- a room or rooms rented for residence in another's house.
- British.the rooms of a university student who lives neither on campus nor at home.
- lodgepole creek,
- lodgepole pine,
- lodging house,
- lodging knee,
- lodging turn,
Origin of lodging
verb (used without object), lodged, lodg·ing.
verb (used with object), lodged, lodg·ing.
Origin of lodge
Examples from the Web for lodging
We rented a house in New Castle, Delaware, that doubled as our filming location and lodging for the actors.Nitehawk Shorts Festival: ‘Brute,’ a Twisted Take on Playing in the Dark|Julia Grinberg|November 28, 2014|DAILY BEAST
Clients supply transportation, lodging, and ingredients, including the preferred strain of ganja.
Lodging is more limited at Asahidake; Powderhounds also highlights options here.
Accommodations: A range of lodging options are available through Steamboat (877-783-2628; www.steamboat.com).
Other lodging options that remain open outside the closed parks foresee a harder hit.Seven Shutdown Winners, From the Newseum to Dollywood|Nina Strochlic|October 3, 2013|DAILY BEAST
The first lodging places before they are taken to the harbours, are dear, poor and often unsafe.On the Trail of The Immigrant|Edward A. Steiner
I see myself, after a long day of work and loneliness, setting forth from my lodging.The Private Papers of Henry Ryecroft|George Gissing
The fire died away, and the smoke gradually cleared away from the dungeon; but the floor formed a hard and cold winter lodging.The Autobiography of Parley Parker Pratt|Parley Parker Pratt
With this last gallant remark Captain Bream left the lodging and strolled down to the sea-beach.The Young Trawler|R.M. Ballantyne
The man in whose rooms he was lodging possessed very few books, and those few were mostly detective stories.The Altar Steps|Compton MacKenzie
Word Origin for lodge
early 14c., "encampment;" late 14c., "temporary accommodation; place of residence," verbal noun from lodge (v.). Related: Lodgings.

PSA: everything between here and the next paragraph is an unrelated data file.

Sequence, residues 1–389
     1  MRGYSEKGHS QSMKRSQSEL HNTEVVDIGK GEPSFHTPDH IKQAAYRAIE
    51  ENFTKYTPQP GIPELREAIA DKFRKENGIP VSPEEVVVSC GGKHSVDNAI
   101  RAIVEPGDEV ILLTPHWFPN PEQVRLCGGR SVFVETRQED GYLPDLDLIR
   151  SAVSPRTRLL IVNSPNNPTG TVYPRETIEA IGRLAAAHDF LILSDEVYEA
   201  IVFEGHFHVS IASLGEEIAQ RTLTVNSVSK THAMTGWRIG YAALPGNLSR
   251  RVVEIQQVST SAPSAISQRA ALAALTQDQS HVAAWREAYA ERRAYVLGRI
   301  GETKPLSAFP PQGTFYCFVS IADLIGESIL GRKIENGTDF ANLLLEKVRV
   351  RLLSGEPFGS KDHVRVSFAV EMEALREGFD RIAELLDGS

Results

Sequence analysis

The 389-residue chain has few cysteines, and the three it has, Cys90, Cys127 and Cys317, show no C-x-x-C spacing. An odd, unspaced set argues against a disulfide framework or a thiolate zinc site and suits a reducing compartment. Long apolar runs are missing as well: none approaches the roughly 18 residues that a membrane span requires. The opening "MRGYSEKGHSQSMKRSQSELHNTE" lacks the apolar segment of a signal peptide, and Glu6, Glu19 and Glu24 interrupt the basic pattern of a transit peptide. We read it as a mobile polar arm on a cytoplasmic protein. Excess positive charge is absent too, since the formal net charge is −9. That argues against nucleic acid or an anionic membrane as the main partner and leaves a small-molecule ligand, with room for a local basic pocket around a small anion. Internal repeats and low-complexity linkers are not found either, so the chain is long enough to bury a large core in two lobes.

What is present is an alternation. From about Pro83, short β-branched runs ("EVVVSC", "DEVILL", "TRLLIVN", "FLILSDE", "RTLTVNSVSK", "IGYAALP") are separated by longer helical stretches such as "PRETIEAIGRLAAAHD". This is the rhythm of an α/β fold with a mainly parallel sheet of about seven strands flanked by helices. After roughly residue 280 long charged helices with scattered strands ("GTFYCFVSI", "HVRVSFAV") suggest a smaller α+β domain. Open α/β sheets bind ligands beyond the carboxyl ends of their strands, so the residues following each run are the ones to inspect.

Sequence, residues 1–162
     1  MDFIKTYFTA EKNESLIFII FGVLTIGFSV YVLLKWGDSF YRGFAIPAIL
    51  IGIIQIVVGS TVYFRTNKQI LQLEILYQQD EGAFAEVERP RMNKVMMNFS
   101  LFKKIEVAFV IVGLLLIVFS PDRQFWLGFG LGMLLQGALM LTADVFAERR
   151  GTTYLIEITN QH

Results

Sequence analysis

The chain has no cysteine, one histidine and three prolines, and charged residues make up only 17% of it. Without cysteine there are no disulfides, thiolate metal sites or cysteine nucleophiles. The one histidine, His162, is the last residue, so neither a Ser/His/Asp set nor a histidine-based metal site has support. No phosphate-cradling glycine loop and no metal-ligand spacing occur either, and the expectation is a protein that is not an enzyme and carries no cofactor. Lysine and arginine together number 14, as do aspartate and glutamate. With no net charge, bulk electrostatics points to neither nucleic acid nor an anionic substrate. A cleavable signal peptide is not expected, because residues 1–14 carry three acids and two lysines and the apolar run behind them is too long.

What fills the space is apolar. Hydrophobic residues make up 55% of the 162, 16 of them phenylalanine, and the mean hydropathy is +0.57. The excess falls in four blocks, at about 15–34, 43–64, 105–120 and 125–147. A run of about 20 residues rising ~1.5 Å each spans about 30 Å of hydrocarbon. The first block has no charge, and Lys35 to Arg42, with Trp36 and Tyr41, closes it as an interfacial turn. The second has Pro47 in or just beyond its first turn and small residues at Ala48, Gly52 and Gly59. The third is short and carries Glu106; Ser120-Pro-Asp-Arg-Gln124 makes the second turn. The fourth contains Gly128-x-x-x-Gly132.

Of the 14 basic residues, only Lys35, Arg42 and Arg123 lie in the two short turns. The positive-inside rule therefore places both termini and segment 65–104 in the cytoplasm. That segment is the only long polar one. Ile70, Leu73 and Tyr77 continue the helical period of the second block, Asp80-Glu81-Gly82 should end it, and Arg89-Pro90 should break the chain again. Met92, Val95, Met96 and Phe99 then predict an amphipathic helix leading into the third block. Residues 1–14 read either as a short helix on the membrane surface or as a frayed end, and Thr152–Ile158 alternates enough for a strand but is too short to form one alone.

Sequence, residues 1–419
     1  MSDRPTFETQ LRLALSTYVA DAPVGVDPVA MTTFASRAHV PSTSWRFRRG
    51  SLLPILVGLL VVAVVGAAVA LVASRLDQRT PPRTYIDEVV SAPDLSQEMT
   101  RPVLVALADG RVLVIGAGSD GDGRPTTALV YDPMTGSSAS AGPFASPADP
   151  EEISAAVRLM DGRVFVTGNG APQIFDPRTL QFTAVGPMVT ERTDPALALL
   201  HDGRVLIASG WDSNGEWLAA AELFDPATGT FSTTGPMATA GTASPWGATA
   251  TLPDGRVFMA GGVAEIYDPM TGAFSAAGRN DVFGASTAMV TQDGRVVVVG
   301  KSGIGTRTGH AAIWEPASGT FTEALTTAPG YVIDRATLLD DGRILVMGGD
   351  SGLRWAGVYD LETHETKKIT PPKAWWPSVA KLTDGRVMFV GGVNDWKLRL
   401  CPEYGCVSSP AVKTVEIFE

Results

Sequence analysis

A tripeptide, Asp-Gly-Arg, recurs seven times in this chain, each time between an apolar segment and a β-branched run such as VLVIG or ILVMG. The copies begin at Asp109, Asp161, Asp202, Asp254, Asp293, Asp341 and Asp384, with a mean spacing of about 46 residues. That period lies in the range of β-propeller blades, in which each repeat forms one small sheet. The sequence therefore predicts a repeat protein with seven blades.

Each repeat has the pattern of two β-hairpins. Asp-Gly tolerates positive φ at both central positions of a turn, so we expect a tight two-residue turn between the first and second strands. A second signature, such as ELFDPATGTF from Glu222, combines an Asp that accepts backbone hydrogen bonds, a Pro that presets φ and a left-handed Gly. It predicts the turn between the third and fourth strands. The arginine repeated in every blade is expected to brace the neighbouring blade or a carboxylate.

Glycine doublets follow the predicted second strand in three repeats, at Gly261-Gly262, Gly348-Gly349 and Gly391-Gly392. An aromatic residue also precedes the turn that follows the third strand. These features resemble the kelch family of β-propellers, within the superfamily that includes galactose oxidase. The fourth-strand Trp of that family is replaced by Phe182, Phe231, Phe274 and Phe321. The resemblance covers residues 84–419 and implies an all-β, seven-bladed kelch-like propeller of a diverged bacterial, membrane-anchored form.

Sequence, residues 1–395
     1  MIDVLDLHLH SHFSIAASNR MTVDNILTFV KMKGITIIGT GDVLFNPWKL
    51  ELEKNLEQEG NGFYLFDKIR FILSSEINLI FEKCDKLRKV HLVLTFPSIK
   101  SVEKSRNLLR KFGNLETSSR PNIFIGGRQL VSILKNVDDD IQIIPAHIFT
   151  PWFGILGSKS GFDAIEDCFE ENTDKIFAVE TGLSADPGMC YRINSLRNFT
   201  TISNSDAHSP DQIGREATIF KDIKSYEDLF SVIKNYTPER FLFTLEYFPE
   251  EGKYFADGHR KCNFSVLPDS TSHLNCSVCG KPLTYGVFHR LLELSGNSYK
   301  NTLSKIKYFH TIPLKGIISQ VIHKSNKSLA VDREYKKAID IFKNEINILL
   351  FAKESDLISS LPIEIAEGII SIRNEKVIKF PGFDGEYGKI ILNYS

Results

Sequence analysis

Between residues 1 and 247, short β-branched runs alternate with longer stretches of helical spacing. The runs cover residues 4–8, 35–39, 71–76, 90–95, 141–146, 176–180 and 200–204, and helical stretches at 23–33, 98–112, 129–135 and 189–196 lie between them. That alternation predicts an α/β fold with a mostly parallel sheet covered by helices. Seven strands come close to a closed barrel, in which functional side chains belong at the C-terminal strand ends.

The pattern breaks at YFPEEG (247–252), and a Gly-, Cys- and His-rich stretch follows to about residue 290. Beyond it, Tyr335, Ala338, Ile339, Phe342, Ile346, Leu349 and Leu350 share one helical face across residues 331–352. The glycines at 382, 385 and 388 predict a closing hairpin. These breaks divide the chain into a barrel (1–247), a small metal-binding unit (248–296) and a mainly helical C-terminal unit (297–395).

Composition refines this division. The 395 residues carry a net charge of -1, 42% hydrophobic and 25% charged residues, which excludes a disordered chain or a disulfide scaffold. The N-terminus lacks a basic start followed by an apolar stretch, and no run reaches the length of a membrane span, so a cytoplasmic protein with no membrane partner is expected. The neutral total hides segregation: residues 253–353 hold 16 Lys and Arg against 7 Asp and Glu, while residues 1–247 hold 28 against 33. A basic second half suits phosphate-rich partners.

mid-13c. in surnames and place names; late 13c. as "small building or hut," from Old French loge "arbor, covered walk; hut, cabin, grandstand at a tournament," from Frankish *laubja "shelter" (cf. Old High German louba "porch, gallery," German Laube "bower, arbor"), from Proto-Germanic *laubja- "shelter," likely originally "shelter of foliage," or "roof made from bark," from root of leaf (n.).
"Hunter's cabin" sense is first recorded late 14c. Sense of "local branch of a society" is first recorded 1680s, from mid-14c. logge "workshop of masons." Also used of certain American Indian buildings, hence lodge-pole (1805). Feste of Logges (c.1400) was a Middle English rendition of the Old Testament Jewish Feast of Tabernacles.
c.1200, loggen, "to encamp, set up camp;" c. 1300 "to put in a certain place," from Old French logier "lodge; find lodging for" (Modern French loger), from loge (see lodge (n.)). From late 14c. as "to dwell, live; to have temporary accomodations; to provide (someone) with sleeping quarters; to get lodgings." Sense of "to get a thing in the intended place, to make something stick" is from 1610s. Related: Lodged; lodging.